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Levelling up innovation in Asia
By Linda Arthur. Posted December 30, 2021
Innovation is playing a vital role in the economic, social, and environmental progress of Asia and the Pacific and has been an important factor in the region's rapid and successful transformation. However, many countries in the region lag behind, innovating at a fraction of the pace as countries in similar or even lower income groups.
Balancing the Spillover Effects of High-Speed Rail Infrastructure Investment in Asia
By Chanankarn Boonyotsawad, Juan Miguel Peraza Hernandez and Veronica Wee. Posted November 26, 2021
Comprehensive infrastructure projects have proven to be efficient in reducing poverty, community burdens, and production costs and raising competitiveness within and between regions. However, investment in specific forms of infrastructure can help balance the trade-offs between huge infrastructure demand and scarce financial resources, especially in developing countries.
Perspectives on Mekong-Japan cooperation for inclusive growth and mutual benefits
By Han Phoumin. Posted November 16, 2018
Rapid economic development in recent decades has transformed Southeast Asia and prepared the region to join international production networks, which allow greater exports of manufacturing products, textiles, and other primary high-quality valued added products to the international market. This economic development has been achieved thanks to investments from around the globe into the region as a result of a favorable labor force, connectivity and innovation growth, and regional political stability as driven by the Association of Southeast Asian Nations (ASEAN) vision.
Next generation of quality development and investment in the new Pacific trade pact
By Grant B. Stillman. Posted March 30, 2018
Earlier this month, the Pacific trade pact was reborn in Santiago as the 11-nation Comprehensive and Progressive Agreement for Trans-Pacific Partnership. While the headlines have been dominated by the absence of the United States and the level of trade gains each nation hopes to enjoy, let’s focus here on three less-remarked-upon sections of this revised treaty among Australia, Brunei Darussalam, Canada, Chile, Japan, Malaysia, Mexico, New Zealand, Peru, Singapore, and Viet Nam (the TPP11).
One Belt One Road and the Risks Behind the Win-Win Situation
By Jean-Francois Gautrin. Posted March 5, 2018
The New Silk Road Initiative was originally unveiled by Chinese President Xi Jinping in 2013 and became known as the Belt and Road Initiative (BRI). From the beginning, the initiative was presented as a reestablishment of the trade routes that were successful many centuries ago. The initiative was also a call for partner countries to accelerate transport infrastructure improvements and connectivity to boost trade. Through active diplomacy and intense public relations, 65 countries felt they had to join the initiative with the prospect of Chinese financial assistance.
Housing policy in the Republic of Korea
By Kyung-Hwan Kim and Miseon Park. Posted August 7, 2017
This article evaluates housing policy in the Republic of Korea over the past 5 decades or so, and describes new challenges arising from the changing environment. The most pressing housing problem in the early phase of development of the Republic of Korea was an absolute shortage of housing. The country addressed this problem with the pragmatic approach of engaging the market using government intervention as leverage.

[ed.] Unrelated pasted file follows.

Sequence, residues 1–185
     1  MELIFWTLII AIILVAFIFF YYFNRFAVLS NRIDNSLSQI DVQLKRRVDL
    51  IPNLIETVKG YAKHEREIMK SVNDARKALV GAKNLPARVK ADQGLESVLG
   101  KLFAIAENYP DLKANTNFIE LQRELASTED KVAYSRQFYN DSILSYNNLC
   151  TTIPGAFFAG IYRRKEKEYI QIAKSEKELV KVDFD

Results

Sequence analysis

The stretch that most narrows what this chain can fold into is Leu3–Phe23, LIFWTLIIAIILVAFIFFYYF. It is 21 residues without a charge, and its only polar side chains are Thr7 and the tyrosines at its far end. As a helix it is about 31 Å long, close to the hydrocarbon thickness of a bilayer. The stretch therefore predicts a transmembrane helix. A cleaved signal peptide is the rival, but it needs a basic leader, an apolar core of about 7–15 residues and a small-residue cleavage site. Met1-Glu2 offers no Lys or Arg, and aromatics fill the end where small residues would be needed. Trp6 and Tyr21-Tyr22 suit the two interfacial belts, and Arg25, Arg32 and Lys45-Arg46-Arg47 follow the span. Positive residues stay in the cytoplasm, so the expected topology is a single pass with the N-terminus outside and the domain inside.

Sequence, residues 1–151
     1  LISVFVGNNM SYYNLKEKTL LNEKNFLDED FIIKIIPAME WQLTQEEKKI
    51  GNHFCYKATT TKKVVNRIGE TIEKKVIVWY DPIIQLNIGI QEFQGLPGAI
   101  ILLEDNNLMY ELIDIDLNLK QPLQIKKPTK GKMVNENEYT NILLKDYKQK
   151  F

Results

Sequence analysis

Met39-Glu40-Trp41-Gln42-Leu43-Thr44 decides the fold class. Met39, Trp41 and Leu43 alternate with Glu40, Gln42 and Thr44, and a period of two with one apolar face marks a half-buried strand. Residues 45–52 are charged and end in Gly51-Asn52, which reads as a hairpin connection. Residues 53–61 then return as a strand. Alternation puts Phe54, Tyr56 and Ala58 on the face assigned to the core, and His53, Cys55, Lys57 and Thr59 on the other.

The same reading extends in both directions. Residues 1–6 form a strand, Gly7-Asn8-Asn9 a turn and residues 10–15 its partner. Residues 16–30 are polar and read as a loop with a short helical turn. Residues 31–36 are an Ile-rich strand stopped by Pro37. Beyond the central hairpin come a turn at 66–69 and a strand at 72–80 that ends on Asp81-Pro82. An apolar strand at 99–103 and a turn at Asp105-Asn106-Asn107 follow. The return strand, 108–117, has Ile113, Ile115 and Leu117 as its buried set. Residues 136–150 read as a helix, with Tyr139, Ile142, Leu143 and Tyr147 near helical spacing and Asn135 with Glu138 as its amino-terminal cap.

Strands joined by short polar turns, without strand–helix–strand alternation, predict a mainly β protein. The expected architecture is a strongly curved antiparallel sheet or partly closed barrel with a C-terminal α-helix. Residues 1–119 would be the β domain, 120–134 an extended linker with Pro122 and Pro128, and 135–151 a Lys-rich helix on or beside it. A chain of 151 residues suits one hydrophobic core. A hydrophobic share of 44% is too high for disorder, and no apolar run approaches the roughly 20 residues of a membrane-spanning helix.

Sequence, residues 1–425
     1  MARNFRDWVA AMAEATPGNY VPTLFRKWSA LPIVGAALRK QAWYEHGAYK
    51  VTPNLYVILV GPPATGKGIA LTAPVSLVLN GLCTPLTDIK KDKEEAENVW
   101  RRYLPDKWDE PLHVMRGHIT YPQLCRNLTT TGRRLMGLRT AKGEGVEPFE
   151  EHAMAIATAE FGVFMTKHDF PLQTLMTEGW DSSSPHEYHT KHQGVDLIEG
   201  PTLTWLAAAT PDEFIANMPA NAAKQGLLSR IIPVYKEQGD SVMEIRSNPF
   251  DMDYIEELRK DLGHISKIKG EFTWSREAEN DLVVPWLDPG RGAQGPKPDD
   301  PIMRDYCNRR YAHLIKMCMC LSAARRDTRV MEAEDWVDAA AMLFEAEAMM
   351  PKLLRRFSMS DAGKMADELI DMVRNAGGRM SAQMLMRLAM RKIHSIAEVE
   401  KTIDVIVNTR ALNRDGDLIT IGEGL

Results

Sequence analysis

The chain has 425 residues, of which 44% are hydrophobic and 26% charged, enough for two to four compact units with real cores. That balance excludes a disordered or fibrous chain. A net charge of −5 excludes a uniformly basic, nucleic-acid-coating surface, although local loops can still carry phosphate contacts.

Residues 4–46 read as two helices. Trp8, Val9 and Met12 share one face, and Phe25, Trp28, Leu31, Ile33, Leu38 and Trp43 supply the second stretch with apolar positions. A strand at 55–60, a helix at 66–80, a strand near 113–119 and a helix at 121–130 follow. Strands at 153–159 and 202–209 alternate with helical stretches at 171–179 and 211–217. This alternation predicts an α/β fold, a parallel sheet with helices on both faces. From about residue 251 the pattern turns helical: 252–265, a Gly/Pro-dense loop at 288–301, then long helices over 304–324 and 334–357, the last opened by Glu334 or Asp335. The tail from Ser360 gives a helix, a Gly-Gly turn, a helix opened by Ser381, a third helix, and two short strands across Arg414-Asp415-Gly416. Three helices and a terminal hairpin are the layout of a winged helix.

The PRC’s international capacity cooperation exports both industrial capacity and financial risk
By Tristan Kenderdine. Posted July 27, 2017
International capacity cooperation (国际产能合作guoji channeng hezuo) was a 2014 addition to the “Go Global” policy suite that the People’s Republic of China’s (PRC) central bureaucracy expanded throughout 2016. It is the result of seeking a way forward from “new normal” low industrial growth rates and is a novel solution to the industrial capacity utilization problems the PRC has suffered since the 2008–2009 spending stimulus flooded into traditional industries. Steel, cement, aluminum, paper, glass, and everything from pork production to robots are in 2017 mired in cyclical overcapacity.
Propelling ASEAN towards clean coal technology
By Han Phoumin. Posted June 9, 2017
Coal, the most abundant and reliable energy resource, will continue to be the dominant energy source in power generation to meet the fast-growing electricity demand in the emerging economies of the Association of Southeast Asian Nations (ASEAN). The share of coal use in power generation was 32% in 2015, and this is projected to increase to 42% by 2040.
Kick-start private infrastructure with future tax-sharing bonds
By Naoyuki Yoshino and Grant B. Stillman. Posted May 25, 2017
Everybody from President Trump to the Global Infrastructure Forum is trying to think of innovative ways to attract long-term private and institutional investors to pay for the huge and largely unmet demand for new highways, railways, and dams. Promising ideas, including guarantees or gap funding, the concessional blending of finance, and bankability enhancements, have been tried but are not enough to convince overseas pension schemes or high net worth individuals to invest their idling funds in worthwhile projects, especially in emerging economies with untried issuers (Regan, 2017).
Electrifying emerging ASEAN through off-grid distributed renewable energy systems
By Han Phoumin. Posted May 3, 2017
Some 134 million people in the Association of Southeast Asian Nations (ASEAN) region do not have access to electricity (IEA and ERIA, 2013). At the end of 2015, the ASEAN Community declared that the lack of power and energy access could threaten the region’s economic growth and its economic transition.
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